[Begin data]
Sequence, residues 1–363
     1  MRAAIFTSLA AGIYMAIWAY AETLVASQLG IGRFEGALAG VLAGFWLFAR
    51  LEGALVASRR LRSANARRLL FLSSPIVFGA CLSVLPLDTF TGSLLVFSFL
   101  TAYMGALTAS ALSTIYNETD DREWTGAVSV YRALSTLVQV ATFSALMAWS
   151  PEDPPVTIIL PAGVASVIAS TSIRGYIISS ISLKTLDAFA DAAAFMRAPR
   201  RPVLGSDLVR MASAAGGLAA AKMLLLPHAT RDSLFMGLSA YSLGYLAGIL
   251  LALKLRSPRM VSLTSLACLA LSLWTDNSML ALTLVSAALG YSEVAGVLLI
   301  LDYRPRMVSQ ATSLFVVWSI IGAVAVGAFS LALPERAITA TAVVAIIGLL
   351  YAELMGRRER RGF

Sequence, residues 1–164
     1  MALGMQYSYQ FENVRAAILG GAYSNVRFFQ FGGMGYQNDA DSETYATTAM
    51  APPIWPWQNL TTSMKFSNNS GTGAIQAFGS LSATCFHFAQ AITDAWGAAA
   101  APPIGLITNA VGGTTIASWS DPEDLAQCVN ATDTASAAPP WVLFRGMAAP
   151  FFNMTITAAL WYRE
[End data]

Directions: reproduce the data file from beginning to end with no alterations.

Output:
Sequence, residues 1–363
     1  MRAAIFTSLA AGIYMAIWAY AETLVASQLG IGRFEGALAG VLAGFWLFAR
    51  LEGALVASRR LRSANARRLL FLSSPIVFGA CLSVLPLDTF TGSLLVFSFL
   101  TAYMGALTAS ALSTIYNETD DREWTGAVSV YRALSTLVQV ATFSALMAWS
   151  PEDPPVTIIL PAGVASVIAS TSIRGYIISS ISLKTLDAFA DAAAFMRAPR
   201  RPVLGSDLVR MASAAGGLAA AKMLLLPHAT RDSLFMGLSA YSLGYLAGIL
   251  LALKLRSPRM VSLTSLACLA LSLWTDNSML ALTLVSAALG YSEVAGVLLI
   301  LDYRPRMVSQ ATSLFVVWSI IGAVAVGAFS LALPERAITA TAVVAIIGLL
   351  YAELMGRRER RGF

Sequence, residues 1–164
     1  MALGMQYSYQ FENVRAAILG GAYSNVRFFQ FGGMGYQNDA DSETYATTAM
    51  APPIWPWQNL TTSMKFSNNS GTGAIQAFGS LSATCFHFAQ AITDAWGAAA
   101  APPIGLITNA VGGTTIASWS DPEDLAQCVN ATDTASAAPP WVLFRGMAAP
   151  FFNMTITAAL WYRE